It has accelerated genetic progress, and could help livestock industries in future
Livestock producers are under increasing pressure to produce more protein with fewer resources, and face scrutiny from consumers over issues such as water and land use, climate change and antimicrobial resistance.
To meet these challenges, genetic advancements, particularly the use of genomics, can play a significant role in creating a robust future for Ontario livestock producers, according to a recent White Paper released by the Livestock Research Innovation Corporation (LRIC).
Why it matters: Genomics can help livestock industries meet the challenges of the future, but there is still a lot of work to be done.
Genomics studies the entire genome, or all of the genes that an animal has and how these genes interact with each other, what they do, and how they influence growth and development.
In a webinar hosted June 8 by LRIC on genomics, Dr. Stephen Miller, deputy director of the Animal Genetics and Breeding Unit in Armidale, Australia and a former University of Guelph professor in beef cattle genetics, provided an overview of how genomics has advanced gains in animal breeding, and what direction it could take in the future.
Miller says prior to sequencing the genomes of animals, genetic progress was slow. Through the use of molecular genetics (identifying individual genes of interest), he says scientists were able to discover some genes that affected certain traits in livestock, but "it wasn't hugely successful."
But the use of genomics has been "transformative," he says.
For example, once the cattle genome was fully identified in 2009, the dairy industry has seen phenomenal improvements in the Lifetime Profit Index (LPI), which is an expression of genetic merit. Prior to 2009, estimated breeding values were used and calculated using animal performance measures along with pedigree relationships amongst animals, the LRIC paper states. Although genetic progress increased year over year, the introduction of genomic selection in addition to performance and pedigree measures gave it "a big boost."
Miller says the LPI gain per year on average prior to 2009 was about 46 points, and when genomic selection was implemented, "it's now over 100 points, which is a little more than doubling of genetic gain.
"Really what the technology is doing is it's allowing you to come up with an accurate genetic prediction based on the genotype (the genetic makeup of an animal)."
He says the benefit is that the industry can genotype young bulls without having to wait until it has thousands of daughters in milk and he's several years old to determine his genetic worth. "It really shortens the generation interval and increases the accuracy on young animals."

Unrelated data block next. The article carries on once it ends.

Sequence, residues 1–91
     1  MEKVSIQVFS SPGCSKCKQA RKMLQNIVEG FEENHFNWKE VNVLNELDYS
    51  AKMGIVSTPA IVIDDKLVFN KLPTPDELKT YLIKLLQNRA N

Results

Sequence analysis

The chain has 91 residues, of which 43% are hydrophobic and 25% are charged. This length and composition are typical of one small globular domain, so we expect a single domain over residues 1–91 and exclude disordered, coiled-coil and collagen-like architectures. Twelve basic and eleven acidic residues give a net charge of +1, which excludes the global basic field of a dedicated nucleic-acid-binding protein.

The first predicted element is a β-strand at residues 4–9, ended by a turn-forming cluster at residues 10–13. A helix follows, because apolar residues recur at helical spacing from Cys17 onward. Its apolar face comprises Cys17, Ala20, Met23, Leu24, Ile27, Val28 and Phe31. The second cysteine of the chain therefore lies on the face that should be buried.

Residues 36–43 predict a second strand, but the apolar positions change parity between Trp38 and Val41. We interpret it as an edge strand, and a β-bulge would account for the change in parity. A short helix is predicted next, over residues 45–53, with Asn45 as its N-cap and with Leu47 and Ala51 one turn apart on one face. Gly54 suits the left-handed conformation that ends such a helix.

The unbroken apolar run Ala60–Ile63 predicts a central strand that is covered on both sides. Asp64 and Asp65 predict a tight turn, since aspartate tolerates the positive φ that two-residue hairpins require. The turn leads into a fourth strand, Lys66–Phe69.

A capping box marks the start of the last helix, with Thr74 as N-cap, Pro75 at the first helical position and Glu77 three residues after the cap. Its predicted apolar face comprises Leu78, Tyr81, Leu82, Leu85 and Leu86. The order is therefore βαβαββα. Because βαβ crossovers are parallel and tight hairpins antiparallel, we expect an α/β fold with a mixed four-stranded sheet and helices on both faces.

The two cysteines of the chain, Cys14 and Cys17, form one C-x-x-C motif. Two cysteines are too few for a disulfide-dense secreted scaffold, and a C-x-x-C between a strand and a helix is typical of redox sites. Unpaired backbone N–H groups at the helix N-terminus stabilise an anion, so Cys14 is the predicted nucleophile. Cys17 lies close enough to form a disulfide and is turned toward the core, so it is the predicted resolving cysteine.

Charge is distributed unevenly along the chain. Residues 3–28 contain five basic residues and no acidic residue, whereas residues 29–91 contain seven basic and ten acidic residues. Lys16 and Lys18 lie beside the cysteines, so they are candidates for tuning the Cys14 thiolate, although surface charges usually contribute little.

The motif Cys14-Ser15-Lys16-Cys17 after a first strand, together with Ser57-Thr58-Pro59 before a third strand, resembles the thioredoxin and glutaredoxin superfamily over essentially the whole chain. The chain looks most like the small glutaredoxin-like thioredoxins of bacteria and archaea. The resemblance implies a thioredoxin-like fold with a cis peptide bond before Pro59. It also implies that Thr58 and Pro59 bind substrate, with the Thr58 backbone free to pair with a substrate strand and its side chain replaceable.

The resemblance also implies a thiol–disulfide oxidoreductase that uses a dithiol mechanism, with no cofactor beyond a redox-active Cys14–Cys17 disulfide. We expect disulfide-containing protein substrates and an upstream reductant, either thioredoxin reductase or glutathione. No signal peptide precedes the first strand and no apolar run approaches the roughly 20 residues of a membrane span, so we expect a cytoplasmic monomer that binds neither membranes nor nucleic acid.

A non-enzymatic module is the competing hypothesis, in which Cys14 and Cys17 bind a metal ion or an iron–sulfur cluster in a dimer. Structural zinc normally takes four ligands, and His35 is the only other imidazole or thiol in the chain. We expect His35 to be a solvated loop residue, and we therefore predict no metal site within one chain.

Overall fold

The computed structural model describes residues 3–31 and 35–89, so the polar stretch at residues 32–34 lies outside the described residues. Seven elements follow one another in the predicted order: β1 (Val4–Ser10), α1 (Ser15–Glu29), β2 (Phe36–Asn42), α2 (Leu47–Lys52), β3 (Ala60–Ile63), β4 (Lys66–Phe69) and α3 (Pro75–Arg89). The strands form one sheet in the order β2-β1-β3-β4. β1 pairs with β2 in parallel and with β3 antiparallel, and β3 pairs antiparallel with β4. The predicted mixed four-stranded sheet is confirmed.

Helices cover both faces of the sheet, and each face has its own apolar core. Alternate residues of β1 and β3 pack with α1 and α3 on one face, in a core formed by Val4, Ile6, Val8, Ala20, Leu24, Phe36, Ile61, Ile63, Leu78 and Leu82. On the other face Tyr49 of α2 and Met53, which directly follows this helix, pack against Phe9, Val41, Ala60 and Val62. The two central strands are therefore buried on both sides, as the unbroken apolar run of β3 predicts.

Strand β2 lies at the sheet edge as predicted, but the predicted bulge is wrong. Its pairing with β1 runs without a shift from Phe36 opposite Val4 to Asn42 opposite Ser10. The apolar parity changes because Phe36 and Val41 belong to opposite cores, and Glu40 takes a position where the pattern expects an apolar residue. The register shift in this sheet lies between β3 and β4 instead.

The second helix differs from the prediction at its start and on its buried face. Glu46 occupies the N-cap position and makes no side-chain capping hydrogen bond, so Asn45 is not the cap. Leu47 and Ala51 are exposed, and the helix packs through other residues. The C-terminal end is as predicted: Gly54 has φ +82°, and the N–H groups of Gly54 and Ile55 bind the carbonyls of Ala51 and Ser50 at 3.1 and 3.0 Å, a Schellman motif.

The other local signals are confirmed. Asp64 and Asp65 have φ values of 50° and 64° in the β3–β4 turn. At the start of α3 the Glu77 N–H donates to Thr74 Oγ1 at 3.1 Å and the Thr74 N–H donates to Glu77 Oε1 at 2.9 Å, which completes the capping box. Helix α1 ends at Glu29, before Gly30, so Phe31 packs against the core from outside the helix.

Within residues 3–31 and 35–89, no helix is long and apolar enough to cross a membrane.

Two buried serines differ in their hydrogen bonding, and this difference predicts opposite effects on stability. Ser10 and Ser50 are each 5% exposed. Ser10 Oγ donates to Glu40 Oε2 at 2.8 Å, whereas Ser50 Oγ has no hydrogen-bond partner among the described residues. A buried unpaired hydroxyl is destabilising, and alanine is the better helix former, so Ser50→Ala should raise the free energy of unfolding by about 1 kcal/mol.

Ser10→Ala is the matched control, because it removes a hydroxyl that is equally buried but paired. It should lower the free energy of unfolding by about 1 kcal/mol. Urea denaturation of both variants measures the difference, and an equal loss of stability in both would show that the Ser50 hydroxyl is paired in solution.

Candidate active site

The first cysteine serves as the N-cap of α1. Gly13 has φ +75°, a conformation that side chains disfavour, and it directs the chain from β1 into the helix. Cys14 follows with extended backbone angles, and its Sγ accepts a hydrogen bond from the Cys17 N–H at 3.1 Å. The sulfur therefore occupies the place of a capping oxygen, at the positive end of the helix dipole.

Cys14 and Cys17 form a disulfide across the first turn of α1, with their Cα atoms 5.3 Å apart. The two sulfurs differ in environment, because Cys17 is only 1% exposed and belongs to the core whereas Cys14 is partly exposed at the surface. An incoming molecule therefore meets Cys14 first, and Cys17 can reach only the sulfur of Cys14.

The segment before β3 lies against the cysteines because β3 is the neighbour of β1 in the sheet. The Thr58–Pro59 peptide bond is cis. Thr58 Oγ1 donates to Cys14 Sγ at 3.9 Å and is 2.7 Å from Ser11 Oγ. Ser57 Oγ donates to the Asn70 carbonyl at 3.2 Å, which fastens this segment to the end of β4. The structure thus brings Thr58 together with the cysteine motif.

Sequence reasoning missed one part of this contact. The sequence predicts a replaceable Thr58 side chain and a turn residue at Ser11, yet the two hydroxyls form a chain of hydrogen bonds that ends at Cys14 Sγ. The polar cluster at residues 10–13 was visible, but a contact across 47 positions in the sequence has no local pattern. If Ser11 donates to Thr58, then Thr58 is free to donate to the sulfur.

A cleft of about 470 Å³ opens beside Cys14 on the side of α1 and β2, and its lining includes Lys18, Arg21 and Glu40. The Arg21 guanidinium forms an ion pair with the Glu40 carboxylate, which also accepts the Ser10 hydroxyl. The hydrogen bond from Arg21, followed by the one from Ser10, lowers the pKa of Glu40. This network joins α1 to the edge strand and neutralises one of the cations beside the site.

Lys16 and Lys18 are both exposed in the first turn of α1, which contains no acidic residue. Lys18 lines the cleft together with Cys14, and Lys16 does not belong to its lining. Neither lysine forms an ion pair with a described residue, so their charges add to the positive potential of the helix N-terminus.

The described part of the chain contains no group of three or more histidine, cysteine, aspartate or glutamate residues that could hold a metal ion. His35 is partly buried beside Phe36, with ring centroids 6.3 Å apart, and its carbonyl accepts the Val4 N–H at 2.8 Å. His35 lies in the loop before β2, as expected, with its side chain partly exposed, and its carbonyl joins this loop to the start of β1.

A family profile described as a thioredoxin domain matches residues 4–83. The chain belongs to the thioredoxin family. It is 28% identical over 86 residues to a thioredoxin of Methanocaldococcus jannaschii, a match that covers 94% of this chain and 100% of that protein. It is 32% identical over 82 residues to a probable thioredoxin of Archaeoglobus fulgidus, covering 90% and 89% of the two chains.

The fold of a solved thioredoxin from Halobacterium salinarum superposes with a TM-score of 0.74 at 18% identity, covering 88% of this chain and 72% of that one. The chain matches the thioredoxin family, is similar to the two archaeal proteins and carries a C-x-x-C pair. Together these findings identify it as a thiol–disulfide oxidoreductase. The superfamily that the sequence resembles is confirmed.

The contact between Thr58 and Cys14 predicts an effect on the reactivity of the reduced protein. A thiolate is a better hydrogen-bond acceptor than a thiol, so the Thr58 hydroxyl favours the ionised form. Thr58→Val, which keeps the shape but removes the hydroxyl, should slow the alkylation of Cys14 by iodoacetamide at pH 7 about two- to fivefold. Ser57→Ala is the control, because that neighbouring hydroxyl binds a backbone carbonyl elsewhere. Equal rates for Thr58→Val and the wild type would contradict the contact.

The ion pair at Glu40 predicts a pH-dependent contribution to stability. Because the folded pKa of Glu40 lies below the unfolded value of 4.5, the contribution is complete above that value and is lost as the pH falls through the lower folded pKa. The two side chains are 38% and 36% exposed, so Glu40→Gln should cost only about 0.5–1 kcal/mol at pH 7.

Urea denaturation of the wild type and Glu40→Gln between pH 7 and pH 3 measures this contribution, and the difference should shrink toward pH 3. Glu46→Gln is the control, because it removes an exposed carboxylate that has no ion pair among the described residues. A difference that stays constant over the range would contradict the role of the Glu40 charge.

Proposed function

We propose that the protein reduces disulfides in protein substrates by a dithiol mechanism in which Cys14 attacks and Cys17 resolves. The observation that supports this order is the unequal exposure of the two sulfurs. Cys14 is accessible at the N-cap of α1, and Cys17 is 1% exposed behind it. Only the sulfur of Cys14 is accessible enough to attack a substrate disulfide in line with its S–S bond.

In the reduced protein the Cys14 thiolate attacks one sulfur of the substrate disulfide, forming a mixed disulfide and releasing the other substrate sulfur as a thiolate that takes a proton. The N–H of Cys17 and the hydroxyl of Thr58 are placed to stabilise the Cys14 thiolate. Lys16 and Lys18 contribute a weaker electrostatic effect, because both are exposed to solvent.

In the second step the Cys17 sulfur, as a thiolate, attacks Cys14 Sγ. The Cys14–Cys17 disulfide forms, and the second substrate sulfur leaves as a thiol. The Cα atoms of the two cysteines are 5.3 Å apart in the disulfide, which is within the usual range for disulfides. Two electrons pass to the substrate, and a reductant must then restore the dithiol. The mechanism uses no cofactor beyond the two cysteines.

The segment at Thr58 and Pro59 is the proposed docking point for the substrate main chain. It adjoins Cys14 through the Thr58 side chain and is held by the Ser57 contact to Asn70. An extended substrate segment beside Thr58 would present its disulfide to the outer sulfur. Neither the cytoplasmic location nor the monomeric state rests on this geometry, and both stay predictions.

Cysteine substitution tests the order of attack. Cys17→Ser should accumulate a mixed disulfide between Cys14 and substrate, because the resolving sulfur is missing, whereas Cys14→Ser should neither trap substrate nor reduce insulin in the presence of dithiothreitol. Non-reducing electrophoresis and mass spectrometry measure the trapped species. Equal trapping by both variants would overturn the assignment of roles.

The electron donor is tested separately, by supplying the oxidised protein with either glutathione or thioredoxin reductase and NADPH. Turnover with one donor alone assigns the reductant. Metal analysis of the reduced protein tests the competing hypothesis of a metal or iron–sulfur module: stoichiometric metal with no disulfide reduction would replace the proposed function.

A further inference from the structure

Now that genomic analysis has been around for a little more than a decade, the cost of performing the analysis has decreased, making it a more affordable component of animal breeding programs, according to LRIC. It notes that when the human genome was sequenced in 2001, the cost was $100 million, but the cost today would be under $1,000.
While genomics has accelerated genetic progress and will continue to be an important tool in selecting animals with key performance traits, "it's not magic" and there is still a lot of work that has to be done in this field, says Miller.
Miller says using genomics to identify a trait you want to change is only part of the process — a reference set of thousands of animals is still needed to measure the trait against the genotype. While individual genes can be identified, understanding how the gene influences a trait requires measurements on many, many animals to increase selection accuracy.
The biggest stumbling block for geneticists is understanding the relationship between the phenotype (the performance of an animal) and its genotype.
LRIC says environmental factors such as feeding, housing and health can significantly impact animal performance. The genotype determines an animal's genetic potential, but this potential can be greatly limited if the environment the animal is in is not optimal.
Although certain traits such as growth are relatively easy to measure, traits of interest such as health are far more dynamic, says Miller. That's why using genomics as a tool along with large reference sets of animals and proper management will be key to making progress in this area.
But that doesn't mean progress can't be made in the future.
"If you can dream it in terms of what you want to change, you can change it. It's simply a matter of measuring it, genotyping it, and making selections. And then you repeat…measure genotype, select and repeat," he says. "The method and the recipe is there."
Miller says he thinks genomics can provide a key solution to the challenges facing livestock producers in the future.
"It's really up to the industry to determine where want to take this and what challenges they want to tackle."